“One of the most responsible things we can do as a company is to make high-quality products from durable materials that last for years,” the report read.
Meanwhile, Tapestry’s use of shopping bags and shipping boxes made from a percentage of recycled materials varies across brands. More than 70 percent of Coach’s bags and boxes are made from recycled materials across stores and outlet centers, while Kate Spade used about 55 percent (slightly more in shopping bags found in outlet centers.) Stuart Weitzman bags at both retail and outlet stores were made from 50 percent recycled materials, while boxes in both types of stores were made from 85 percent recycled materials.
Still, Tapestry received a “C” on the CDP’s annual Forests survey, the nonprofit that tracks the environmental impact of major corporations. A “C” rating means Tapestry has a general awareness and understanding of the impact it is making on the environment.
The retailer also received a “C” from CDP on its water conservation efforts. That could be because Tapestry’s water consumption throughout the supply chain was mixed. At retail locations, water consumption increased 32 percent, compared with a year earlier, while the corporate global water usage fell 9 percent during the same period.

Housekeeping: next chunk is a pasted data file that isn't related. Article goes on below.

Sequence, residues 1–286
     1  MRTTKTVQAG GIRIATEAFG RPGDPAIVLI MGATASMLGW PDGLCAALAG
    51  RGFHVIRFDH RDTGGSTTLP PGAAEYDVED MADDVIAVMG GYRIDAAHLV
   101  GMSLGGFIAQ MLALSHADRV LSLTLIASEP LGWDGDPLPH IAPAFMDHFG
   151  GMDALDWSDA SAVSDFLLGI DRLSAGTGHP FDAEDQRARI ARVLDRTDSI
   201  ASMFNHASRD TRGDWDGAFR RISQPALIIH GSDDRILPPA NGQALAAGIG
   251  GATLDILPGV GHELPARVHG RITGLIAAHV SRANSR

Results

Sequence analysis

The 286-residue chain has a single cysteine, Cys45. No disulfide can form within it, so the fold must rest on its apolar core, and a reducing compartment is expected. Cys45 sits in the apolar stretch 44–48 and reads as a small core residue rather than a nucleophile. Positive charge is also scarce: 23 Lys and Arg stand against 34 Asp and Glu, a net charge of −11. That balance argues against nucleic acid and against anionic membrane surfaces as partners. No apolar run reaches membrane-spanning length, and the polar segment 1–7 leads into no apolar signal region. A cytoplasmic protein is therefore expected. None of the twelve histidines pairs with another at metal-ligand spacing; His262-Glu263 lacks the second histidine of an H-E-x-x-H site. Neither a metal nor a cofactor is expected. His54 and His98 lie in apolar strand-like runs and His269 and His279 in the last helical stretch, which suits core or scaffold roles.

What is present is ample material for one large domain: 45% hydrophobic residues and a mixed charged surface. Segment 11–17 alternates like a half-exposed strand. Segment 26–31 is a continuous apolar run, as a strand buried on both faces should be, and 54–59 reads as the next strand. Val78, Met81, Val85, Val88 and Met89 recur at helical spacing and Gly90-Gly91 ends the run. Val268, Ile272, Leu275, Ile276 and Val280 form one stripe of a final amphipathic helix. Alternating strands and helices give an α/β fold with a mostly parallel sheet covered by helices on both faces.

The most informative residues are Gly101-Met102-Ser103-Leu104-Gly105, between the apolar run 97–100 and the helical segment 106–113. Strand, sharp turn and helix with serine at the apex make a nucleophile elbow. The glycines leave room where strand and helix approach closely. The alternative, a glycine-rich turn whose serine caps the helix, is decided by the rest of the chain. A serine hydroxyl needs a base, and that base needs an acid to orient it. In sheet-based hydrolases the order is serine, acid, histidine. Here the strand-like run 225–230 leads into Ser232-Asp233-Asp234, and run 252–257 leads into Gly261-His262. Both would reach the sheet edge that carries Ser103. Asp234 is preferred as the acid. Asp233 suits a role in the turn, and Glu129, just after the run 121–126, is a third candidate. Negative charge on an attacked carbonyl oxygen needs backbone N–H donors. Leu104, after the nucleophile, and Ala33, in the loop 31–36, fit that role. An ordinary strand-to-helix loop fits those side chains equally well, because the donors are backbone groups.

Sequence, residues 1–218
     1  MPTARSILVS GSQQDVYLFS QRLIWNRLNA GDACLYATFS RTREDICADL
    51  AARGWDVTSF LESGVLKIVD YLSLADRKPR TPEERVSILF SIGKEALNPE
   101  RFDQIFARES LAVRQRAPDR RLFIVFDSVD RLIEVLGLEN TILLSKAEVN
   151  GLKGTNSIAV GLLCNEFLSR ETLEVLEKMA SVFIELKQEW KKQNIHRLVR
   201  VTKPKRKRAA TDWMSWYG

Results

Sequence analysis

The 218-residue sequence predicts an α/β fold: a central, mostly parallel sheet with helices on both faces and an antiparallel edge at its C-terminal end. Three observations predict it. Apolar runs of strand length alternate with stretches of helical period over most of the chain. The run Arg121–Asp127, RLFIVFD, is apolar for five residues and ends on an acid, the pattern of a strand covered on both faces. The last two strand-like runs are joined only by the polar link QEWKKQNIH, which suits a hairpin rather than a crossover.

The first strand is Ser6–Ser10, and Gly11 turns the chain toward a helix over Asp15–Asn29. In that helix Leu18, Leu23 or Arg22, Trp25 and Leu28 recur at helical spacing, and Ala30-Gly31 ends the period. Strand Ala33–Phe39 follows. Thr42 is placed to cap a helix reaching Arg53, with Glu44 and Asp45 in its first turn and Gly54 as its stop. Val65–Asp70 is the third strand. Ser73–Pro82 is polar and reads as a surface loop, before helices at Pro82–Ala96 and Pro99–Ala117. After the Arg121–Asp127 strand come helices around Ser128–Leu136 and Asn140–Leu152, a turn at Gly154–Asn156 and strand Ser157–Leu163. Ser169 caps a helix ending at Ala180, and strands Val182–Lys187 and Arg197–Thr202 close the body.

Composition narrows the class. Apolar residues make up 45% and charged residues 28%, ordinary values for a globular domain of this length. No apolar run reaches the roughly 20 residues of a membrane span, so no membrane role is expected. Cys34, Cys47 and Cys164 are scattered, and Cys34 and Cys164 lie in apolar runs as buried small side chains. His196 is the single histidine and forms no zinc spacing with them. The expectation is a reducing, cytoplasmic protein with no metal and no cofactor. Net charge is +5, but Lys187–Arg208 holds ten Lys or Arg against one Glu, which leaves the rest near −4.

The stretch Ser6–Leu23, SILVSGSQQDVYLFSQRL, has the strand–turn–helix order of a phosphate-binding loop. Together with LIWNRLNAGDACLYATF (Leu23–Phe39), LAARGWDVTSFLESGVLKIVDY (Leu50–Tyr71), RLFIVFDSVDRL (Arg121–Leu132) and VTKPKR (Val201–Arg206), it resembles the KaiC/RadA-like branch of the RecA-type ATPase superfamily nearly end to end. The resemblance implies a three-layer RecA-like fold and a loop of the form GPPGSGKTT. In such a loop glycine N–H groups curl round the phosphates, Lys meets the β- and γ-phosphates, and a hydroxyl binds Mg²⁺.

Tapestry’s humanitarian efforts go beyond its workforce. In fact, over the last year, the retailer donated its time and money to help make the world a little better for the community and its people.
In 2019, the Coach Foundation donated $3.2 million to philanthropic causes around the world. Coach is also one of the founding patrons of the West Side Community Fund, a New York City-based initiative — which includes other businesses from New York’s Hudson Yards shopping center — to support local nonprofits. The fund has granted upwards of $440,000 to more than 50 of Hudson Yards community projects since its inception in March 2019.
Zeitlin said it’s only natural that Tapestry would want to support startups and entrepreneurs — especially in New York City — home to all three brands.
“Coach, Kate Spade New York and Stuart Weitzman were once small businesses,” he said.
Meanwhile, the Kate Spade New York Foundation donated more than $1 million to support mental health and other gender-specific programs for women in the New York- New Jersey area.
In addition, Tapestry donated more than 65,000 products — items across all three brands, such as interview attire for the underprivileged — to nonprofit partners. Tapestry employees also donated more than 5,750 hours of their time in 2019, volunteering for local causes, such as soup kitchens, high schools and cultural events.